Lauren Laverne is swiping through an article on her new iPhone 6. In a series of gifs, her colleague Frankie Graddon demonstrates how to use red lipstick to cover over the dark circles that appear under many eyes. As a zeitgeisty new trend covered in a fresh and accessible way, it is a great example of what Laverne and her partners are trying to do with their new media platform, The Pool.
"Most beauty videos are how Terry Wogan would do beauty videos," Laverne jokes in her distinctive north-eastern drawl.
It’s two months since The Pool launched and Laverne has settled into a routine. She hangs up her headphones in the BBC 6 Music studio in Western House at 1pm each weekday and walks round the corner to an unassuming Regus office, picking up her lunch on the way, to settle into an afternoon of crunching Google analytics and meeting commercial partners.
A TIMELY LAUNCH
In the bright and hectic office, Sam Baker, a former editor of Cosmopolitan, and The Pool’s ten-strong team have been listening to the show. Laverne and Baker have known each other since Laverne wrote a column for Hearst Magazines UK’s Red while Baker was its editor. Baker left Red at the end of 2012 to pursue an "embryonic" idea about a new way of talking to women and it was then that the two started talking.
What began as casual chats about "doing something in the digital space" quickly escalated. Working together, they developed the idea from a Pass Notes-style round-up of what you need to know to a mobile-first multimedia site, with a mixture of video, audio and articles. They are positioning the site as a new type of digital offering that has more in common with broadcast than magazines, and have dubbed it "appointment digital".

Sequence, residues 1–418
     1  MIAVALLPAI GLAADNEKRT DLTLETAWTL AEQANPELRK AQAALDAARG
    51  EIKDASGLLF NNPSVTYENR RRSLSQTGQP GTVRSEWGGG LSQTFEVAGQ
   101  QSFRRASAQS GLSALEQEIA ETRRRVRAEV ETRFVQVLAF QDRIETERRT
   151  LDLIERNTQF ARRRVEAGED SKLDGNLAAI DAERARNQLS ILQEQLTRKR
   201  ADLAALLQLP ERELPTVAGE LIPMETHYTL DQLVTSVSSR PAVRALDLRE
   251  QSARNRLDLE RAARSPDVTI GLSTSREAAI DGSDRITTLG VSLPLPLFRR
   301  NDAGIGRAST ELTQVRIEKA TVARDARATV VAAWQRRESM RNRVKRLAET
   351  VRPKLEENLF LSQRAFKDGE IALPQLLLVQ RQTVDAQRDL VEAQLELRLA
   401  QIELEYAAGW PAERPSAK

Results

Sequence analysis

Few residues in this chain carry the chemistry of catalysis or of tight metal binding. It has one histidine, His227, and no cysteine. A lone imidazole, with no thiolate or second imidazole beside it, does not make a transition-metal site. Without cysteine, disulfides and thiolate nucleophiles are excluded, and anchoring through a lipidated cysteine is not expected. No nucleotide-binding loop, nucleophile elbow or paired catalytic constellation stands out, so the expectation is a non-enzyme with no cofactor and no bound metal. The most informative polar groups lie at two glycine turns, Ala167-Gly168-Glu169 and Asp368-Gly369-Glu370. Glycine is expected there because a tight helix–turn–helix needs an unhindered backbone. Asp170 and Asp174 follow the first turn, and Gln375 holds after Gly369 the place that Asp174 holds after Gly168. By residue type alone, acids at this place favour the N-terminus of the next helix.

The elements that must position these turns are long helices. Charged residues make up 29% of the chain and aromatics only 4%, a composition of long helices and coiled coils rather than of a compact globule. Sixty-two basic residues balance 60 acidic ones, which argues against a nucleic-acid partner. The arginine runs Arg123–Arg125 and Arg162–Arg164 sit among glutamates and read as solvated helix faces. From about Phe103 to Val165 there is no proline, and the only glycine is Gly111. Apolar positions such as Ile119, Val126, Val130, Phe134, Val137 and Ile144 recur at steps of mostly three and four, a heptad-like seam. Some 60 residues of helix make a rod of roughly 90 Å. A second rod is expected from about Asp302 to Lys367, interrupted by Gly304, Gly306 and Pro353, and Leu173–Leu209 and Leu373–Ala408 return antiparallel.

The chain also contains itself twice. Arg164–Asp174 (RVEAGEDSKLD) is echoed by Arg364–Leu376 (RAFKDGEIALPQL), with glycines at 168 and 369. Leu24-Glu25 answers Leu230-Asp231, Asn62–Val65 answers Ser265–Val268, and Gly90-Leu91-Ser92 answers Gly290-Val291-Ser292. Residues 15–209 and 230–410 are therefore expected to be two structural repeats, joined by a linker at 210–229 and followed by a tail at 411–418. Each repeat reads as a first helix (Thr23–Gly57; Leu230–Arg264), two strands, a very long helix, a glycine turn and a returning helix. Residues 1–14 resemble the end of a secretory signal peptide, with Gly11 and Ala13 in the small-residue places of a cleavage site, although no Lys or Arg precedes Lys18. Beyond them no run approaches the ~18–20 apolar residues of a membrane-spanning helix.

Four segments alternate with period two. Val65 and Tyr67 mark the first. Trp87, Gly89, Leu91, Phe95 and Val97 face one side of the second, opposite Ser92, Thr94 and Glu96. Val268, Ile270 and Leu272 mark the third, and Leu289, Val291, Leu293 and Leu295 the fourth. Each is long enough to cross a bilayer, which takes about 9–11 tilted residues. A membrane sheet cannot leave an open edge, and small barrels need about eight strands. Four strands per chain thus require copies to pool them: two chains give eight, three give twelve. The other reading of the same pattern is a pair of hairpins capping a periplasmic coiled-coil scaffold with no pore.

In a world of constant updates and live rolling news, The Pool tailors its content to where its readers will be, mentally and physically, at that time of day. Baker says they have "made a conscious decision to go against the digital trend of just throwing everything against the wall and hoping something will stick". In research, when they asked women how the internet made them feel, "one woman actually ducked," Baker says.
The "Pass Notes" idea became the "Today in 3" e-mail at 8am, and then there are recipe suggestions in the late afternoon and audiobooks at 10pm. The Pool has videos of Laverne interviewing people such as the TV presenter and designer Dawn O’Porter and fashion features from which you can click to buy. The site lets you know what’s coming up, in the style of a radio show, and tells you exactly how much time each piece of content will take to read.
"There is so much information out there," Laverne explains. "It’s so overwhelming. We wanted to give someone this little edit of the world. This is enough to get by, to feel confident and hopefully enjoy yourself a bit as well."
But alongside the round-ups, The Pool is challenging generally held assumptions by publishing extended videos and long reads. And the success of these has led to some satisfying conversations with a certain type of older man. Laverne grins as she explains that some men say, with incredulity: "So it’s turned out people want to read news, features and also listen to stuff." Jumping in, Baker says proudly that the PPA chief executive, Barry McIlheney, had asked "Really?" when they talked about the success of their long-form content.